Sales Rep Ramp
Capacity planning typically requires finance and operations to work together. There are numerous examples for how collaboration around management planning processes can be enabled, but the one I want to illustrate here is focused on the line sales manager and sales rep. Closely tied to onboarding is the ramp-up process to get a sales rep productive in his or her new territory, which at Jive, involves getting a sales rep situated in a territory and quickly focused on the right customers and opportunities. I don’t mean training here either, but rather the process by which a company can provide the guidance and instruction for maximizing opportunities during the ramp-up phase for a new rep.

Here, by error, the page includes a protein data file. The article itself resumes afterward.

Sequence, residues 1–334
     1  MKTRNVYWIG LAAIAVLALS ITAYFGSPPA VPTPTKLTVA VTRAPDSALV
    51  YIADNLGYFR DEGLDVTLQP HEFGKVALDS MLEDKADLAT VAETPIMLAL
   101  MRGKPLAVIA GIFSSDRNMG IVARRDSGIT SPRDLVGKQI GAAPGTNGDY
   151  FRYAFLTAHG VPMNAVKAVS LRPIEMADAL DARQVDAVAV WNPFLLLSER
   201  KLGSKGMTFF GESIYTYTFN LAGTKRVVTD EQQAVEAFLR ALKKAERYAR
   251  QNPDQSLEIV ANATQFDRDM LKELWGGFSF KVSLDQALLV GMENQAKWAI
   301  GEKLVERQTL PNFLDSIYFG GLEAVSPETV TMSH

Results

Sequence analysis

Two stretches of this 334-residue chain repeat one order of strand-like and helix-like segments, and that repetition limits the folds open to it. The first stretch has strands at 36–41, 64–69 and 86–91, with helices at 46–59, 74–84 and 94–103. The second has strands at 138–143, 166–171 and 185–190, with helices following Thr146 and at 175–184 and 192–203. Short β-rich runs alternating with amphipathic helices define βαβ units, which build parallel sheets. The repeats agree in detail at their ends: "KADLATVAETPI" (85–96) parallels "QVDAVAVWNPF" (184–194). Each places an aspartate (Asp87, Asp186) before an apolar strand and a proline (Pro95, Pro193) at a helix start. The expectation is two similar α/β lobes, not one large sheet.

A social collaboration platform can quickly help a rep get the HOW portion of the selling cycle. This HOW portion is about communicating the coverage model, who’s who in the organization, rules of engagement, and most importantly, best practices from top reps already successful in the sales organization. Jive allows us to share best practices and document key selling steps used by our top performers. We capture this knowledge and share it in a social way on our platform, and we map this knowledge at specific points in the sales methodology so a rep anywhere in the world, at any time knows what works and what to watch out for as they engage customers. Our system gives us the ability to impart and distribute selling know-how in a way that opens up learning so it flows from those that know to those that need it most: the newest rep in a territory.
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Have you been a part of a sales organization that was scaling globally? What are the biggest hurdles you encountered? Comment below.